Don’t Bite Off More Than You Can Chew: Non-Anesthetic Pet Dentistry

Anesthesia is a scary event for many of us. Many pet owners recognize how important professional dental care is for their furry friend, but get a little antsy about the risk (and cost) involved with full anesthesia.

As opportunities arise for pets to receive dental care in other ways, such as a tooth scaling at the groomer or a non-anesthetic dental service facility, it is no wonder that people are jumping on board. But is it really the best choice? Goldorado Animal Hospital hopes that some more context about non-anesthetic pet dentistry will help you to decide how to best proceed with your pet’s care.

Pros and Cons of Non-Anesthetic Pet Dentistry

It is not hard to understand why anesthesia-free dentals are tempting for pet owners. Anesthesia always carries with it some risk, and the monitoring, equipment, training, and time it takes can add expense.

As an AAHA Accredited veterinary hospital we can assure you that we take anesthesia very seriously. Following the more current guidelines and safest practices our staff ensures that your pet’s anesthetic experience is as risk-free as feasibly possible. This is important, because we stand behind the belief that anesthesia is essential for the best dental care.

There are a few reasons that we need to anesthetize your pet in order to provide a thorough oral examination and dental cleaning:

  • Even the most docile pet doesn’t open wide and say “ahhh”, meaning that we cannot fully evaluate every surface of every tooth effectively in an awake animal.
  • 60% of your pet’s teeth, and potential periodontal disease, are under the gumline. We need to take radiographs and probe carefully in order to evaluate the health of each tooth.
  • If we find a problem that requires extraction or other surgical treatment, we can often address it right then and there without the need for another procedure.

This means that anesthesia-free dental cleanings are often incomplete and can create a false sense of security when it comes to oral health.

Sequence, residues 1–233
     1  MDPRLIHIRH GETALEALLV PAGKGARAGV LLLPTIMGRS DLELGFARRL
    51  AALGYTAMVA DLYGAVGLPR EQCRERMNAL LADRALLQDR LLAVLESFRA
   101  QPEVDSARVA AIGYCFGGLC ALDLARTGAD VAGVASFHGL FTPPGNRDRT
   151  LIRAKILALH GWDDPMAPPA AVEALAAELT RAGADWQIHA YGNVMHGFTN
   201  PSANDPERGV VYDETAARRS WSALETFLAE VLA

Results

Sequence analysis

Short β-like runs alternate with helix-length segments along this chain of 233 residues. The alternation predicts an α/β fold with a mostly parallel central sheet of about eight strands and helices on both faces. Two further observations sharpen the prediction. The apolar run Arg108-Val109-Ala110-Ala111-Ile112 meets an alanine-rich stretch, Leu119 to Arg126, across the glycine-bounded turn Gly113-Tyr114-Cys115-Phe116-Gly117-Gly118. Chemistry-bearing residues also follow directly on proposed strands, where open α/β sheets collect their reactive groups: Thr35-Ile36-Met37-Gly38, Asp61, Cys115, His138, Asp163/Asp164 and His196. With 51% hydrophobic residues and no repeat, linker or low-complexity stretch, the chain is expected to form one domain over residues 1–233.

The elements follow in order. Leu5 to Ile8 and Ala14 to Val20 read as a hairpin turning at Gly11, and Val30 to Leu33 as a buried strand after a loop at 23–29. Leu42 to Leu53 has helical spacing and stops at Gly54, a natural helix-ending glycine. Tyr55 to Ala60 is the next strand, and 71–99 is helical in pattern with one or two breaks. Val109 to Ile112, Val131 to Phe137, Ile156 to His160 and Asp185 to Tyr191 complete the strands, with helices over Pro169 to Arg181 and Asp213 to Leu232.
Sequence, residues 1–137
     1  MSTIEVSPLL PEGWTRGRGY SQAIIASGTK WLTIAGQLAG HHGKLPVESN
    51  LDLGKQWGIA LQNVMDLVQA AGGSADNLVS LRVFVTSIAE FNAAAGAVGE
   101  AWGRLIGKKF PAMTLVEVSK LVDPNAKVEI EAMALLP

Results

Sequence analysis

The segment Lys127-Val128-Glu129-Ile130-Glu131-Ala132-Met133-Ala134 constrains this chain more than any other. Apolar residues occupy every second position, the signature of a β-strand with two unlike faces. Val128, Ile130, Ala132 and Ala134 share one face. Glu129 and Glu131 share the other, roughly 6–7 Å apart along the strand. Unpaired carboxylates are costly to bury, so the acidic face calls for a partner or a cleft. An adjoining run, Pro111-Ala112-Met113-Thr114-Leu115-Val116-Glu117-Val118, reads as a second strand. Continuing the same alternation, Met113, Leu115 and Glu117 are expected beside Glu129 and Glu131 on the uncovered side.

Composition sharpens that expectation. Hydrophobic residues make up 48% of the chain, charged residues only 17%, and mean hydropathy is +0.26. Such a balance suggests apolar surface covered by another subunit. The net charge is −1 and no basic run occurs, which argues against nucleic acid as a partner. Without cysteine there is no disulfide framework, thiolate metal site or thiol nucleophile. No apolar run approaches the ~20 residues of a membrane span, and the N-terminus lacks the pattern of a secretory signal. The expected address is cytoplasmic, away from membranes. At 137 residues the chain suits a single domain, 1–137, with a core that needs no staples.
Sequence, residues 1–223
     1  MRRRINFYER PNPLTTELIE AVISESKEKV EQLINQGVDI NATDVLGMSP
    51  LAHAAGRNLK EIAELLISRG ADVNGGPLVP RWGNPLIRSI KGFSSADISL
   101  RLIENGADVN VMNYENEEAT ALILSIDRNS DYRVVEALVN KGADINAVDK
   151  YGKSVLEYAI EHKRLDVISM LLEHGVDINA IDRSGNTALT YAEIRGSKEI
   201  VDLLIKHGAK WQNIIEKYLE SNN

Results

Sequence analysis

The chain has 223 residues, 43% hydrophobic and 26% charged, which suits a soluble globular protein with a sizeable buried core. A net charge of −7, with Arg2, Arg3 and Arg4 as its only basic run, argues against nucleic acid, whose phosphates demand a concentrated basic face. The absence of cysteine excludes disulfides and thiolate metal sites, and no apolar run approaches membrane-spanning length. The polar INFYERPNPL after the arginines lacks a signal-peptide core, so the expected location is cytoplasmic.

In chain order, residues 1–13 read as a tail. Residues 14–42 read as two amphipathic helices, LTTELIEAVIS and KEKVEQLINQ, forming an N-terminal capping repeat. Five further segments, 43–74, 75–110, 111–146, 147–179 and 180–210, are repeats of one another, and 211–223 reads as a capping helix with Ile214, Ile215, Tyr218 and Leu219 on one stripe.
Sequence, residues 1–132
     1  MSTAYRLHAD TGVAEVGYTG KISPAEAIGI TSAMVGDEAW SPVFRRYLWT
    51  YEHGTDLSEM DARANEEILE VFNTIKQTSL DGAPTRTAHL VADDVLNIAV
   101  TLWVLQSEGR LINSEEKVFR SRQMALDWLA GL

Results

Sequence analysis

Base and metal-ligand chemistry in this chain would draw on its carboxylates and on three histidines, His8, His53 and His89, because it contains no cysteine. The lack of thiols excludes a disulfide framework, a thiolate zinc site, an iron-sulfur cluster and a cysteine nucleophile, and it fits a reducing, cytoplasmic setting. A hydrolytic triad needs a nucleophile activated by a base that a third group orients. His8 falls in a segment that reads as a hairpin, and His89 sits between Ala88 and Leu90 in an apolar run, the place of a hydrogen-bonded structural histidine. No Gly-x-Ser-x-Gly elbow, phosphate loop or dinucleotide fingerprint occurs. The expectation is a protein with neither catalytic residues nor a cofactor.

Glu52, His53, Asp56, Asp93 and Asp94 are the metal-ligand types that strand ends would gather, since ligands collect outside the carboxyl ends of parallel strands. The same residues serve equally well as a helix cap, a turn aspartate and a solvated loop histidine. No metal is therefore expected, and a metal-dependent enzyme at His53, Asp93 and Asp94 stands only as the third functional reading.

Potentially Dangerous Territory

Besides being overall a subpar method of dental care, there are some dangerous aspects of non-anesthetic pet dentistry. Consider the following:

  • Most pets will need to be physically restrained in some manner in order to accomplish the task. This can be dangerous for the pet as well as the person performing the cleaning.
  • Because the status of the tooth roots and surrounding bone cannot be assessed, serious and painful issues may go unrecognized. This leads to unnecessary discomfort as well as potential progression of the problem.
  • Some of the instruments utilized in a dental cleaning are quite sharp. Sudden or unexpected movements by the patient can result in injury.
  • Because pets are not intubated during a non-anesthetic dental cleaning, water and other debris can potentially be aspirated.
  • Because anesthesia is regarded as standard of care by organizations such as the American Animal Hospital Association and the American Veterinary Dental College, you can assume that those performing anesthesia-free pet dental care are either lay people or people who do not subscribe to the most current recommendations. Is this who you wish to entrust your pet’s care with?

Anesthesia-free pet dental cleanings may sound appealing, however the old adage that if something sounds too good to be true, it probably is stands. Our staff takes your pet’s care to heart, and there is a reason that we insist on anesthetic for all dental exams and cleanings. Give us a call today so that we can formulate a dental care plan for your pet that we all can agree on.

Pet Dental Care – Is it Really Necessary?